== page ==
Economics Research Seminar Robert C Jump from Greenwich University Thursday 28th November 3pm – 5pm Great Hall Room 018
‘Deprivation and the electoral geography of Brexit’
Several narratives have emerged to explain Britain’s vote to leave the European Union. One of the most popular in the media and public discourse is the importance of relatively deprived parts of the country that overwhelmingly voted to leave the European Union. Despite the popularity of this narrative, however, there is remarkably little evidence that more deprived places were in fact more likely to vote Leave. In this paper, we examine the association between geographic deprivation, measured by the Index of Multiple Deprivation, and Leave vote shares in a subset of English wards. Using rank correlation methods, including a novel optimisation approach, we demonstrate that geographic deprivation is positively associated with Leave voting. However, the correlation is not strong, and the most important domain of deprivation is educational deprivation. Moreover, the association between deprivation and Leave voting disappears once higher educational attainment or occupational composition are controlled for. We consider the implications for the “left behind” narrative.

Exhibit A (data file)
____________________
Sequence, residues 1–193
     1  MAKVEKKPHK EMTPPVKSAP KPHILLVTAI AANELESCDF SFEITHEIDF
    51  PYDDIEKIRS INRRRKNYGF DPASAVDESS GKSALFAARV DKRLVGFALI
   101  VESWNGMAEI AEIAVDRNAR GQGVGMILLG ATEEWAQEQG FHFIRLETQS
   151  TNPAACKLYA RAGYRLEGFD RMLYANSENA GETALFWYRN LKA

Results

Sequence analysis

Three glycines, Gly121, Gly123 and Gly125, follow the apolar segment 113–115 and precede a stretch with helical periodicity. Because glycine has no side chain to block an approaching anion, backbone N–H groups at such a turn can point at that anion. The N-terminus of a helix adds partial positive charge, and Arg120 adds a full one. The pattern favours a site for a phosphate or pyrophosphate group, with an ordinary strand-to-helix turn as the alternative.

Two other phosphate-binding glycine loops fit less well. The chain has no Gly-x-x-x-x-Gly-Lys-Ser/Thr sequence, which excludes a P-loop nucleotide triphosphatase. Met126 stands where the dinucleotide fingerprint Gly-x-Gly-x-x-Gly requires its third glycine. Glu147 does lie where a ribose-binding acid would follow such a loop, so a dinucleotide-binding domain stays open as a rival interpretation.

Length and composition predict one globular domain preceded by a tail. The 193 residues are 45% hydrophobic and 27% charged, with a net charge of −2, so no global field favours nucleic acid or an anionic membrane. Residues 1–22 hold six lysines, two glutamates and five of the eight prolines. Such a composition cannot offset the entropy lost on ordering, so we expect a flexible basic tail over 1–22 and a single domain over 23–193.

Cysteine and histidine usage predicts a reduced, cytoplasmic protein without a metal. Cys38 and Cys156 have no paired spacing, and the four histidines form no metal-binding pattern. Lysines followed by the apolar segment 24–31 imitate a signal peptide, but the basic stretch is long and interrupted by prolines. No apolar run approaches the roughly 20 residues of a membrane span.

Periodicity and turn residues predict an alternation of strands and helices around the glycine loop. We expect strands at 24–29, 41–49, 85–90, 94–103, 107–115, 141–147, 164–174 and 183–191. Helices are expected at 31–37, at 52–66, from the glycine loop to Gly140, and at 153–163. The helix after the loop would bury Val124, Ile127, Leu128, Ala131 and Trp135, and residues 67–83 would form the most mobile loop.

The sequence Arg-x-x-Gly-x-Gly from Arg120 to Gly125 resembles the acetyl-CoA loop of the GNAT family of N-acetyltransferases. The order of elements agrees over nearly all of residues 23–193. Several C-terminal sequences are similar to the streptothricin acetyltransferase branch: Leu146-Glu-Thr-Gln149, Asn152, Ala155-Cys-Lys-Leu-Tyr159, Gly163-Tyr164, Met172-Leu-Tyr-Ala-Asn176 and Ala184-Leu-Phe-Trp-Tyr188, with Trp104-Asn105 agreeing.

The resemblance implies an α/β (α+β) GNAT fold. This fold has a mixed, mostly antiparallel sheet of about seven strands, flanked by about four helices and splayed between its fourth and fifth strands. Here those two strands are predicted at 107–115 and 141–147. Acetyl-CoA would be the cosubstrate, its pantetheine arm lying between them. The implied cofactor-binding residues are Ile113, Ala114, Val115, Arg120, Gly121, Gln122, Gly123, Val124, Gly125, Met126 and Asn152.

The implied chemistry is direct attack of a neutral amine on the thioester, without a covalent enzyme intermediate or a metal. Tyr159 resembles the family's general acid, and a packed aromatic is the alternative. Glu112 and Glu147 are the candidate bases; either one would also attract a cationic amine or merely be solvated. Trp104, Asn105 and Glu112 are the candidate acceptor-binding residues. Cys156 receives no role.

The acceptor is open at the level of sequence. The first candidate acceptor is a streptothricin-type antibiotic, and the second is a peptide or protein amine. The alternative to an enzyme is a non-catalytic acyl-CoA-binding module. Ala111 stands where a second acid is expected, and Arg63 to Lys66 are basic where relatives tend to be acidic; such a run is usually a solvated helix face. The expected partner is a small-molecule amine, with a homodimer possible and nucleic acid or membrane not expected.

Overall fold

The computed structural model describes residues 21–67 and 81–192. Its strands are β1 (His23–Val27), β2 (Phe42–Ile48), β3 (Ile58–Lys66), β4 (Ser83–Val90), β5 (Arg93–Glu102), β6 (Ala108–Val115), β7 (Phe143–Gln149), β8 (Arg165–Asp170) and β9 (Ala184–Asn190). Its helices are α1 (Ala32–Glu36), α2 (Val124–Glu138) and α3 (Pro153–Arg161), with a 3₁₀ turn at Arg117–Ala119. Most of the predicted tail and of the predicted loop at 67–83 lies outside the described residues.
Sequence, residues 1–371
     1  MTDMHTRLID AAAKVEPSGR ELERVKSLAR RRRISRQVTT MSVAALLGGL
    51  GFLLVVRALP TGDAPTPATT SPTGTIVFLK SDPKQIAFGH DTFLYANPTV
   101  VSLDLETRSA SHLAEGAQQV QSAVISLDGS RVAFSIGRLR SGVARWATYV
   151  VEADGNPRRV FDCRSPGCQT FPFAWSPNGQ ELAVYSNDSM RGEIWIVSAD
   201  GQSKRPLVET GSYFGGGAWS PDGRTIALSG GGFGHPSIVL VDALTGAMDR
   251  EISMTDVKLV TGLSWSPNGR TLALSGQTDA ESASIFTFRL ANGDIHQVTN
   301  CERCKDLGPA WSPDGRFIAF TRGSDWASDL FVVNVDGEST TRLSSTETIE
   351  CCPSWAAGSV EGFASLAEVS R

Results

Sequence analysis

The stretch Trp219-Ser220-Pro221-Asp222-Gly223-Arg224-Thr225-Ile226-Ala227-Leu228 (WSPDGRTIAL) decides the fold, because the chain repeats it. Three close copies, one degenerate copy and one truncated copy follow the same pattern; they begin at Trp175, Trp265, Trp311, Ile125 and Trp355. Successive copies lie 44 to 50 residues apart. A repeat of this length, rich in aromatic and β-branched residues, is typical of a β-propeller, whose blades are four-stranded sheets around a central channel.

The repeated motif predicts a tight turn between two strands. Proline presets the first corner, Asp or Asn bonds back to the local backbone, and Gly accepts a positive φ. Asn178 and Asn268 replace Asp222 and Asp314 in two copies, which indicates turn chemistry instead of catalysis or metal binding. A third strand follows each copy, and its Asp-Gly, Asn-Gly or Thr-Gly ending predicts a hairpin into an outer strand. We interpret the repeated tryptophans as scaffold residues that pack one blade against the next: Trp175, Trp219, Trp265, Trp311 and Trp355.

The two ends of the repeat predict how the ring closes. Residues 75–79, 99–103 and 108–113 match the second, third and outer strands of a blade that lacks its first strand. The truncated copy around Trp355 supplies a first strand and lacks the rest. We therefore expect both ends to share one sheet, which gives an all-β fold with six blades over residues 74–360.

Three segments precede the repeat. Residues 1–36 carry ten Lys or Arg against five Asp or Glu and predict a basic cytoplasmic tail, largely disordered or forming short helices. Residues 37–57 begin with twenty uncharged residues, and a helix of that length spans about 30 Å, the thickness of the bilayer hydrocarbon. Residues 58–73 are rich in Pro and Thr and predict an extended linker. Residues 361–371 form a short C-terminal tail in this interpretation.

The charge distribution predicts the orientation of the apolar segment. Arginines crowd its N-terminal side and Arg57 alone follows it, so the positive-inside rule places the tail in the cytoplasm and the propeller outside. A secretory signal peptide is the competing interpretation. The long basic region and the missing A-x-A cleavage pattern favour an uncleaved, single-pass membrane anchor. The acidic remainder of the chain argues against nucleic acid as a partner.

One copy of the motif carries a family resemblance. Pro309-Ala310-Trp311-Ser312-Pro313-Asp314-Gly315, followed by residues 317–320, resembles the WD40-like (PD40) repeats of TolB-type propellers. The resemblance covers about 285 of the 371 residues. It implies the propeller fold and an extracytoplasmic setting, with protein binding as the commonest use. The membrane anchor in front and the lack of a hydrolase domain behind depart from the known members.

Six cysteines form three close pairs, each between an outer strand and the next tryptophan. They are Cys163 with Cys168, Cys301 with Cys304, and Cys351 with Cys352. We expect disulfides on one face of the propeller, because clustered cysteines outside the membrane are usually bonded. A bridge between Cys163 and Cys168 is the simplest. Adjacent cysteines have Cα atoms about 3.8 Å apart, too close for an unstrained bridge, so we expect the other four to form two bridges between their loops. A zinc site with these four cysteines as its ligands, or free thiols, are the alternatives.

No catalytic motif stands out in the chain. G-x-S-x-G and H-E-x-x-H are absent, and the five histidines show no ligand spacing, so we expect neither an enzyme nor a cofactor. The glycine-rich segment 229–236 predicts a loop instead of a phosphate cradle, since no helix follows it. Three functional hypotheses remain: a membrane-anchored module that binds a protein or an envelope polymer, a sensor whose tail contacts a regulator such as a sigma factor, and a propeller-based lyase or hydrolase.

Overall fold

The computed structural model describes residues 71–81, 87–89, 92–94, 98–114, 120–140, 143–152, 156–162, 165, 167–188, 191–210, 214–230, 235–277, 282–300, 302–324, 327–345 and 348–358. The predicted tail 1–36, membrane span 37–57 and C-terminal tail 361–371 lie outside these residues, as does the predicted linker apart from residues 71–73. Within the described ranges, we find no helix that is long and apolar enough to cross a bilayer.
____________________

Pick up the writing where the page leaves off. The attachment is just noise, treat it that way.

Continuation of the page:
I am a research fellow at the University of Greenwich, based in the Institute of Political Economy, Governance, Finance and Accountability. I am a member of Reteaching Economics and an associate editor at the Review of Social Economy.
Most of my work is on macroeconomics and public policy. I am particularly interested in the sources of economic instability, including financial cycles, self-fulfilling expectations and hysteresis, and institutional changes that might mitigate their effects. More recently I have been working on questions in political and economic geography, in particular, the electoral geography of Brexit.